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she might have been prevailed on by her married sister to come, without anything concerning me ever having been mentioned to her, and so I concluded that if no other objection presented itself, I would consent to waive this. All this occurred to me on hearing of her arrival in the neighborhood-for, be it remembered, I had not yet seen her, except about three years previous, as above mentioned. In a few days we had an interview, and, although I had seen her before, she did not look as my imagination had pictured her. I knew she was over-size, but she now appeared a fair match for Falstaff. I knew she was called an "old maid," and I felt no doubt of the truth of at least half of the appellation, but now, when I beheld her, I could not for my life avoid thinking of my mother; and this, not from withered features,-for her skin was too full of fat to permit of its contracting into wrinkles,-but from her want of teeth, weatherbeaten appearance in general, and from a kind of notion that ran in my head that nothing could have commenced at the size of infancy and reached her present bulk in less than thirty-five or forty years; and, in short, I was not at all pleased with her. But what could Í do? I had told her sister that I would take her for better or for worse, and I made a point of honor and conscience in all things to stick to my word, especially if others had been induced to act on it, which in this case I had no doubt they had, for I was now fairly convinced that no other man on earth would have her, and hence the conclusion that they were bent on holding me to my bargain. "Well," thought I, "I have said it, and, be the consequences what they may, it shall not be my fault if I fail to do it." At once I determined to consider her my wife, and this done, all my powers of discovery were put to work in search of perfections in her which might be fairly set off against her defects. I tried to imagine her handsome, which, but for her unfortunate corpulency, was actually true. Exclusive of this, no woman that I have ever seen has a finer face. I also tried to convince myself that the mind was much more to be valued than the person, and in this she was not inferior, as I could discover, to any with whom I had been acquainted.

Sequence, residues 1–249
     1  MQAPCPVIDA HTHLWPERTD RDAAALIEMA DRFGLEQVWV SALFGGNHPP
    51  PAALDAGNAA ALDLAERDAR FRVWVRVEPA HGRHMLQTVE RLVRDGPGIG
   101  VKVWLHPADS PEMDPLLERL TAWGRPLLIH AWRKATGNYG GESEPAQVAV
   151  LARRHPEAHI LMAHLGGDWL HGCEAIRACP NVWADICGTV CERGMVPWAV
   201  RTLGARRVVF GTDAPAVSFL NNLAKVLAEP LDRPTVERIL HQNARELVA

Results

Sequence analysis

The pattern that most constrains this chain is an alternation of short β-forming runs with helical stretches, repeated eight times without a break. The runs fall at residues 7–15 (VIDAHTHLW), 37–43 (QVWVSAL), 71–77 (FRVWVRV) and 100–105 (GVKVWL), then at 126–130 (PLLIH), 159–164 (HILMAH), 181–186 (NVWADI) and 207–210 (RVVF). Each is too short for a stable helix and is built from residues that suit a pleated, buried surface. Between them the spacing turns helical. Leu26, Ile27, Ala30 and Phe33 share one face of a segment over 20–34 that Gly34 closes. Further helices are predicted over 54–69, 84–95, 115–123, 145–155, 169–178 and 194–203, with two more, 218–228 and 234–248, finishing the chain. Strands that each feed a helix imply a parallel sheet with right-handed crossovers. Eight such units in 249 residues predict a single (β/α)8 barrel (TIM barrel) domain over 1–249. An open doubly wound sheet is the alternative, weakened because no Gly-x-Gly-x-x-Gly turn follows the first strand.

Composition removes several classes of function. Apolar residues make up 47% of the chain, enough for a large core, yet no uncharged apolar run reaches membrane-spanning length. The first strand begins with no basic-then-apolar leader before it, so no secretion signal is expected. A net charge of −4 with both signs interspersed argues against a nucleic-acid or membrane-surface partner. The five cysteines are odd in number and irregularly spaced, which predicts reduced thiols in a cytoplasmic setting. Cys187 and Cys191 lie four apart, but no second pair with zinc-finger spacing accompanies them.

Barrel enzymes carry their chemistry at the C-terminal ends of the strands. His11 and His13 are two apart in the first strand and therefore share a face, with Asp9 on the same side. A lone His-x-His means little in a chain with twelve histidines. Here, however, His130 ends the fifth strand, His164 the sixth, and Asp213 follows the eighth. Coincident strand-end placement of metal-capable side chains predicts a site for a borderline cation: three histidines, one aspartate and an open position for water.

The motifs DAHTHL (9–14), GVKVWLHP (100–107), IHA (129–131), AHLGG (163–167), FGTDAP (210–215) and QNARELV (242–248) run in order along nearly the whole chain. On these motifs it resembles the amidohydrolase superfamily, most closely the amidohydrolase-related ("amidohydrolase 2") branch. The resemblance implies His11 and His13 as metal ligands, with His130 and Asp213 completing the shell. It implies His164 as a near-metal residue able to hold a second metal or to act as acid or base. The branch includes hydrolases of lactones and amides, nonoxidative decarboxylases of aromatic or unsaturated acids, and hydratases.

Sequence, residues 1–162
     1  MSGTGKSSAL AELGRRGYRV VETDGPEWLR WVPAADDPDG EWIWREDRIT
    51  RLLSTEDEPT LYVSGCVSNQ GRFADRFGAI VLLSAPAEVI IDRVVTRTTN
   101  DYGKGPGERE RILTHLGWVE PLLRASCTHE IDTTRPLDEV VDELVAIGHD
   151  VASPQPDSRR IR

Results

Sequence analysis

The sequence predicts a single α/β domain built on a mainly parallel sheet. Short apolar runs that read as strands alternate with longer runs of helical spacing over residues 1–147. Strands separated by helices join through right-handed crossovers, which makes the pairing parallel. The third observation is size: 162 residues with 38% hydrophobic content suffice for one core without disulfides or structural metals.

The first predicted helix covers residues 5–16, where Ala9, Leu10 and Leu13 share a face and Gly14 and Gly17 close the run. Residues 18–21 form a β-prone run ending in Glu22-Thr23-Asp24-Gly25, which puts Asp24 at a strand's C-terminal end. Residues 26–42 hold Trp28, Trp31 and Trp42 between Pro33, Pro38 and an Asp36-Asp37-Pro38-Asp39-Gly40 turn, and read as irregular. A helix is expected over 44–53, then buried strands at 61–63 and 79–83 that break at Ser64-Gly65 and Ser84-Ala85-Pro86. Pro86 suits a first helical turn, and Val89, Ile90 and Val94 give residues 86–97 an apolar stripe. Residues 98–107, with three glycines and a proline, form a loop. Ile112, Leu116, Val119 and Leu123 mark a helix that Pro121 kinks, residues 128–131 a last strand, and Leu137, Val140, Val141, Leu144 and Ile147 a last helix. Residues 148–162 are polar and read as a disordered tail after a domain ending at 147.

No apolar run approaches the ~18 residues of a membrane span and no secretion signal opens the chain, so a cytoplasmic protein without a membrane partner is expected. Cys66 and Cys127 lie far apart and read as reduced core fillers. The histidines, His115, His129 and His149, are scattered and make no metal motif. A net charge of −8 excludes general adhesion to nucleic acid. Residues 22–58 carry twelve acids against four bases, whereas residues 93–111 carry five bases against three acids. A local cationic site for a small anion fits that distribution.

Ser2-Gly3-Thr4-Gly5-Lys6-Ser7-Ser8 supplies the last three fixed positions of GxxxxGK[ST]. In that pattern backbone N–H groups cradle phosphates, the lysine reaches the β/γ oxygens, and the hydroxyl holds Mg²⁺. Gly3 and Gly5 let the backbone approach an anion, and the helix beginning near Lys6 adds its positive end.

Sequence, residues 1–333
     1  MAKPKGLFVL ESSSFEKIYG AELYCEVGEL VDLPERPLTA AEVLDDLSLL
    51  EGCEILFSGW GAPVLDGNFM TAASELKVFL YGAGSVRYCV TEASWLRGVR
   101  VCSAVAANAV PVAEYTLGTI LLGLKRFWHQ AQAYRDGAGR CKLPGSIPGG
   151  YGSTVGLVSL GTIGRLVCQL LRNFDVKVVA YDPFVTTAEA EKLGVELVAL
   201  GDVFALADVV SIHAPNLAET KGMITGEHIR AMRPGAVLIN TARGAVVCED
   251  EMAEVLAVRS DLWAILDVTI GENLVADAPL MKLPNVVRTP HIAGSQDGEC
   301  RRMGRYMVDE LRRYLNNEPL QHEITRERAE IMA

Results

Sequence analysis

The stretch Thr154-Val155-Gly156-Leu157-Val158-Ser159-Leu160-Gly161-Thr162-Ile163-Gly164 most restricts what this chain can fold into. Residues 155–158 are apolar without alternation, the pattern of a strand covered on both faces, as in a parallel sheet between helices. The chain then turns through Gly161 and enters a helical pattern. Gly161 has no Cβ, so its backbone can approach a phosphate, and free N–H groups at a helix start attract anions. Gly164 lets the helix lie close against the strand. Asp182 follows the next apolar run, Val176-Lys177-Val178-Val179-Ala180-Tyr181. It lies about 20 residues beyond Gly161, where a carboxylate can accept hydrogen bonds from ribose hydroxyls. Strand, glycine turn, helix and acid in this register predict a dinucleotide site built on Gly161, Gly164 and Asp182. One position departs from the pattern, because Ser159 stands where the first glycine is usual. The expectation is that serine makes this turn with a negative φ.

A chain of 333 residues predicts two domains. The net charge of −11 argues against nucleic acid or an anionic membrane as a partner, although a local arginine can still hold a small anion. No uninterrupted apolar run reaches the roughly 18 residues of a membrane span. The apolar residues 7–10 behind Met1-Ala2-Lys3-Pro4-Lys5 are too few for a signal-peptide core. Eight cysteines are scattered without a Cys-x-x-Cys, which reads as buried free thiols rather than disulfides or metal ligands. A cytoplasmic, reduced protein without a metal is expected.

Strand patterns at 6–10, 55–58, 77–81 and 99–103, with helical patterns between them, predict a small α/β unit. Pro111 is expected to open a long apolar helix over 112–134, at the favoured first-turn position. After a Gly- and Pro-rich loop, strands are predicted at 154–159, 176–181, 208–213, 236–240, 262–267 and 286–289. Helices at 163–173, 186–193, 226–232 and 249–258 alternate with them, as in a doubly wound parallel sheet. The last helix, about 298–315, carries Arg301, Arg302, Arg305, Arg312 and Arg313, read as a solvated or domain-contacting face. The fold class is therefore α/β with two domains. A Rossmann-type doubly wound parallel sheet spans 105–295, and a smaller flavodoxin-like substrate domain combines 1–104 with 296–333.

Shortly after this, without attempting to come to any positive understanding with her, I set out for Vandalia, when and where you first saw me. During my stay there I had letters from her which did not change my opinion of either her intellect or intention, but, on the contrary, confirmed it in both.

All this while, although I was fixed "firm as the surge-repelling rock" in my resolution, I found I was continually repenting the rashness which had led me to make it. Through life I have been in no bondage, either real or imaginary, from the thraldom of which I so much desired to be free. After my return home I saw nothing to change my opinion of her in any particular. She was the same, and so was I. I now spent my time in planning how I might get along in life after my contemplated change of circumstances should have taken place, and how I might procrastinate the evil day for a time, which I really dreaded as much, perhaps more, than an Irishman does the halter.